For example, the loading and preheat chamber shown connected to the thermal barrier coating chamber is first evacuated to below 1×10-4 torr and the substrate mounted on a rotatable shaft (part manipulator) is heated therein to 1750 degrees F. in the loading/preheat chamber. In the coating chamber, an electron beam (power level of 65 kW) from the electron beam gun is scanned (rate of 750 Hertz) over an ingot I of yttria stablized zirconia (or other thermal barrier ceramic material) to evaporate it. The electron beam scans the ingot at an angle to avoid the substrates and back reflection of the beam. For zirconia based materials, oxygen is introduced into the coating chamber to produce a pressure of 1-20 microns ensuring a deposition of a white near-stoichiometric yttria stablized zirconia deposit is formed on the alumina. To minimize heat loss, the preheated coated substrate(s) S then is/are rapidly moved on the shaft from the loading/preheat chamber to a coating position in heat reflective enclosure E in the coating chamber above the ingot I. The enclosure includes an opening for the electron beam to enter. The substrate is rotated by the shaft at a speed of 30 rpm about 11 inches above the ingot, although the spacing can be from about 10-15 inches. Deposition is conducted for a time to produce the desired thickness of ceramic thermal barrier layer. Typical thickness of the thermal barrier layer is in the range of 4 to 12 mils (0.004 to 0.012 inch).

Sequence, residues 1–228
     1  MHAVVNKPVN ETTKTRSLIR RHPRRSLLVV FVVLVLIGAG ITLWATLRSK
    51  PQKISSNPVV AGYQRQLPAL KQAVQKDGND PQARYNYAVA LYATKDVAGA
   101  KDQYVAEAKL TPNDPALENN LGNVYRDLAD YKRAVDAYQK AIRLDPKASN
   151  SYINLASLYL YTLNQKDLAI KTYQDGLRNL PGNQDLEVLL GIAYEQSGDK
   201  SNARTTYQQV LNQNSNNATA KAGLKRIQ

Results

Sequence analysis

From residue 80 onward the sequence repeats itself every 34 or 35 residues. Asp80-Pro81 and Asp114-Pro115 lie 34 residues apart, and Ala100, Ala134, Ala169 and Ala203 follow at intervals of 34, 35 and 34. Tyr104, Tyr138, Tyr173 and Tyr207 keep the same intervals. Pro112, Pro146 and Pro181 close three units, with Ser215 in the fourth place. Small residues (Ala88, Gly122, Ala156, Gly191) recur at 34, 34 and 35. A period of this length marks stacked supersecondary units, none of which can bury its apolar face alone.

The present invention is not limited to forming a thermal barrier layer having columnar grain microstructure shown in FIG. 1. Other thermal barrier layer structures may be employed. For example, as shown in FIG. 5A, 5B a thermal barrier coating (TBC) comprises a plurality of alternating thin layers of yttria stablized zirconia (light layer in FIG. 5B with each layer about 508 nanometers thick) and alumina (dark layer in FIG. 5B with each layer about 245 nanometers thick) with a collective thickness of 4-6 mils (e.g. 5.6 mils) can be electron beam PVD deposited on the alumina layer of the bondcoat on a nickel base substrate. For example, side-by-side ingots of 7 weight % yttria stablized zirconia (2.5 inch diameter) and alumina (4.5 inch diameter) can be provided in the coating chamber and an electron beam can be alternately impinged on each ingot at 35 kilowatts power for six seconds (or other dwell time) per ingot, while the substrate rotates relative to the ingots to form such thin alternating ceramic layers. The number of individual ceramic layers can be controlled to provide a desired thermal barrier layer thickness. Additionally, control of the beam dwell time can increase or decrease the thickness of each layer to produce any combination of layer spacing desired.
For purposes of illustration and not limitation, substrate specimens of a thermal barrier protected Rene alloy N5 substrate were made pursuant to an embodiment of the invention for cyclic oxidation testing. The specimens were one inch in diameter and 0.125 inches in thickness and were ground flat and then media finished with polishing stones to round sharp edges. The bondcoat designated MDC-150L was formed using the following parameters:
substrate temperature: 1975 degrees F.